I aged out of foster care in 1986. I was 17, and I’d spent nearly five years in foster care before heading off to college. I went on to complete my bachelor’s degree in English, and the ending of college was something of a shock for me. College had provided a continuation of some of the structure I was familiar with, but when everyone else went back to their respective homes after graduation, I attempted to build a life for myself with no family to fall back on. I’d already struggled with depression and an eating disorder in college, and everything intensified in the first year out of school. I became suicidal during that time, and a year after graduation, I entered a treatment program for eating disorders, where I became immersed in the 12-step program model. That was one of the early structural supports that helped me to find a way to nurture my mental and physical health and through which to find community connection. My new friends in “program” were authentic, and I had a place where I could regularly go to process my inner world and find practical tools for learning to take care of myself.

Part of what I needed to work through was the impact of having a mother who was paranoid schizophrenic and who relied on prostitution to feed and care for herself and me. She was a single parent, and by the time I was 12, we had spent more than six months homeless. When I was 12, my mother had come to view me as essentially an adult, and she turned me out of the house to get food and money. I went door-to-door in our neighborhood, asking for whatever people could give. Sometimes they helped, and sometimes they slammed doors in my face. Ultimately, members of a neighborhood church became aware that she was physically abusing me, and they intervened. I went into the first of two foster homes in the fall of 1981.

I’m 49 years old now. I’m happily married and have an 11-year-old son of my own. It has been a long path to healing, and one I’ve actively sought out my entire life. I’ve met more people than I can count who have helped me materially, spiritually and emotionally. I’ve used writing both professionally and personally to help find my way, writing in many personal journals and then a memoir, The Wilderness of Motherhood, where I tell some of my story and all the things I tried to heal my body and my mind. A partial list includes therapy, 12-step groups, yoga, meditation, nature, cultivating community, and changing my eating habits to eliminate foods that contributed to inflammation and emotional instability. Over time, persistently moving toward the light has led me to tools that have given me some peace with the past and the ability to be present to and love the people and good things in my life. I’ve needed to learn to see how much was right in my life, rather than how much was wrong. It was not an easy lesson, but it has been a very important one. The deep wound that came from having a psychotic mother is something I will feel my whole life, though it’s no longer a raw, gaping wound. For that, I am deeply grateful.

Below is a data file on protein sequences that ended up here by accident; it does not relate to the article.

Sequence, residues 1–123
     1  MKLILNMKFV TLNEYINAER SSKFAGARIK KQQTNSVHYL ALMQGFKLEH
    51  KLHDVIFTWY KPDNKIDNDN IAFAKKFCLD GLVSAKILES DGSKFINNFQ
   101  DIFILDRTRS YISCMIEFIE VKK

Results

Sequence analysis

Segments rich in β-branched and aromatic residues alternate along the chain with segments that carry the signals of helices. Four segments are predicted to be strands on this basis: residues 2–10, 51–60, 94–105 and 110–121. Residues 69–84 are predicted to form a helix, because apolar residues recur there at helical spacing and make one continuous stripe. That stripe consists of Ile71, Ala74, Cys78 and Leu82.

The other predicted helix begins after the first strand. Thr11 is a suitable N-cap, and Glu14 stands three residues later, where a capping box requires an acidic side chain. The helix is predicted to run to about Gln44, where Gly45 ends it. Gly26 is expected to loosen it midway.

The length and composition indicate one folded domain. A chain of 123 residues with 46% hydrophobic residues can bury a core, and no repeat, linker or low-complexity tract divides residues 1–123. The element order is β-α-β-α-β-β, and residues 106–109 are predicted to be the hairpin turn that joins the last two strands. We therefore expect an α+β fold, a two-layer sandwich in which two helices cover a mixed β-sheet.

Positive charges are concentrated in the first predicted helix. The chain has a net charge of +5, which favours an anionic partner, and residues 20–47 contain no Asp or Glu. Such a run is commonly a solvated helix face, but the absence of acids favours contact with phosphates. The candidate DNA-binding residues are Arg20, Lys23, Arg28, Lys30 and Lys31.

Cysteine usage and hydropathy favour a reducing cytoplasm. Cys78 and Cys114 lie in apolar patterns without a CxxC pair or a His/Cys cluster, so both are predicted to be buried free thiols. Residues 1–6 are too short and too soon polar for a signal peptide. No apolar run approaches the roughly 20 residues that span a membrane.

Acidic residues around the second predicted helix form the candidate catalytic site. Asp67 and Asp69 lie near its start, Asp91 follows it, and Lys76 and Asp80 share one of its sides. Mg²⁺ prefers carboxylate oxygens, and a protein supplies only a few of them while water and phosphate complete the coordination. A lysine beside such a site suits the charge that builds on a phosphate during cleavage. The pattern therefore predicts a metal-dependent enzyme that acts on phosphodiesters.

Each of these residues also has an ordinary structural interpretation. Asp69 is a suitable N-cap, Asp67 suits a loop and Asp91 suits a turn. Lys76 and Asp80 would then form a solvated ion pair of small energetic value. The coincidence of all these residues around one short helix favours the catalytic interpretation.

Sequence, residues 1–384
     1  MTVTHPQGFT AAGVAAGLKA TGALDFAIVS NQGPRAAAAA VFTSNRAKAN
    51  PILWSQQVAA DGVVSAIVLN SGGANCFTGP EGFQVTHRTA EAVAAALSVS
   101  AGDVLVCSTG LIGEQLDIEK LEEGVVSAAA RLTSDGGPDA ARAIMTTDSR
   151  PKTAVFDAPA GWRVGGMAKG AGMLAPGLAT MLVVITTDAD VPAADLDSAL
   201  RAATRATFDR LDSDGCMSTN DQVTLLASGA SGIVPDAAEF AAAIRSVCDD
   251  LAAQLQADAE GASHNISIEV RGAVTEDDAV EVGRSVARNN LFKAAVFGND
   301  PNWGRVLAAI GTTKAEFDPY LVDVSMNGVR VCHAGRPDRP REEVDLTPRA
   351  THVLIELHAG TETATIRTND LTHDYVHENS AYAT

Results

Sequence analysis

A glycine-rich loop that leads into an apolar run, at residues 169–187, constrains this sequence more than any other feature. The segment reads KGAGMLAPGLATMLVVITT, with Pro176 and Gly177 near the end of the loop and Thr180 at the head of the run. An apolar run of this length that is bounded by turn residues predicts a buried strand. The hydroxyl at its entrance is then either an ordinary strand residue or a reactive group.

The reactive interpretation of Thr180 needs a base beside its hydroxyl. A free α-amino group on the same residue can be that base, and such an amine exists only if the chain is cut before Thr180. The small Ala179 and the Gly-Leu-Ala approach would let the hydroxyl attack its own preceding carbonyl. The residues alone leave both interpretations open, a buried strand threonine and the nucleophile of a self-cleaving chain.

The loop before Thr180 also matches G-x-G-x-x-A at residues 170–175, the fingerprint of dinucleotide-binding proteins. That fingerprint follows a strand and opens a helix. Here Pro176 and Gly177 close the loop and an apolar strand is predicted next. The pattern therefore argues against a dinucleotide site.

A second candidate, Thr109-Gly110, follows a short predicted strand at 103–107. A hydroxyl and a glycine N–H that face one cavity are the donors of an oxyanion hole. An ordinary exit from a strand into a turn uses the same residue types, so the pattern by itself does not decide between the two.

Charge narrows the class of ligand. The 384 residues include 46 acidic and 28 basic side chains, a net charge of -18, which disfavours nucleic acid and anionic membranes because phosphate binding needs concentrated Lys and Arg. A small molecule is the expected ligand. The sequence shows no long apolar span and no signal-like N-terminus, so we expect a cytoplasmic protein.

I live in Andover, Massachusetts and currently work as a yoga instructor, meditation instructor and wellness coach. I write when I can. When I have the opportunity, I look for ways to give back to those who are coming up behind from foster care. It can be a brutally difficult task just to survive, and I have skills I’ve learned over the years that I share when and where I can.